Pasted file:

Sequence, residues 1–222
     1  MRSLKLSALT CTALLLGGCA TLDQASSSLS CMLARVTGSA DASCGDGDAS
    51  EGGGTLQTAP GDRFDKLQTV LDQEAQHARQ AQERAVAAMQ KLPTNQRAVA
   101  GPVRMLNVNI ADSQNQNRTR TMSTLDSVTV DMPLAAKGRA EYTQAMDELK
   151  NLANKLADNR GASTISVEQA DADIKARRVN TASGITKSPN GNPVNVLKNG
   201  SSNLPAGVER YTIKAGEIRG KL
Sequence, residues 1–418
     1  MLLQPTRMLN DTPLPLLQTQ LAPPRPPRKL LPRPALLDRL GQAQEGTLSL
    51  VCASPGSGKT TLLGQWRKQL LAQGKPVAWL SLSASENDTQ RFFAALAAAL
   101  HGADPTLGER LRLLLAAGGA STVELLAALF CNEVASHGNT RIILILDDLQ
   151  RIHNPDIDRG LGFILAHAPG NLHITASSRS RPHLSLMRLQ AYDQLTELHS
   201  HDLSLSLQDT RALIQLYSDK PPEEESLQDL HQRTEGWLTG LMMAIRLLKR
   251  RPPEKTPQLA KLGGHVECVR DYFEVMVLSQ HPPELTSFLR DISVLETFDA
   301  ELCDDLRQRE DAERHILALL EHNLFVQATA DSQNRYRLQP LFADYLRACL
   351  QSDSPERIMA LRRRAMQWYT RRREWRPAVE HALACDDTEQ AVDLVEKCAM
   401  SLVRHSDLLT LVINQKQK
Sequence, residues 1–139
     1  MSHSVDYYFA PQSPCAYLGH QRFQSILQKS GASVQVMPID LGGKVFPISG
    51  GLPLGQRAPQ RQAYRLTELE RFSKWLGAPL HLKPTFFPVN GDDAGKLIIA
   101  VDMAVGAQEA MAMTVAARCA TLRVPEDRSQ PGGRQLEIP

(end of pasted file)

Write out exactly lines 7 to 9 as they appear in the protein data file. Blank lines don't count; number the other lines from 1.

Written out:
Sequence, residues 1–418
     1  MLLQPTRMLN DTPLPLLQTQ LAPPRPPRKL LPRPALLDRL GQAQEGTLSL
    51  VCASPGSGKT TLLGQWRKQL LAQGKPVAWL SLSASENDTQ RFFAALAAAL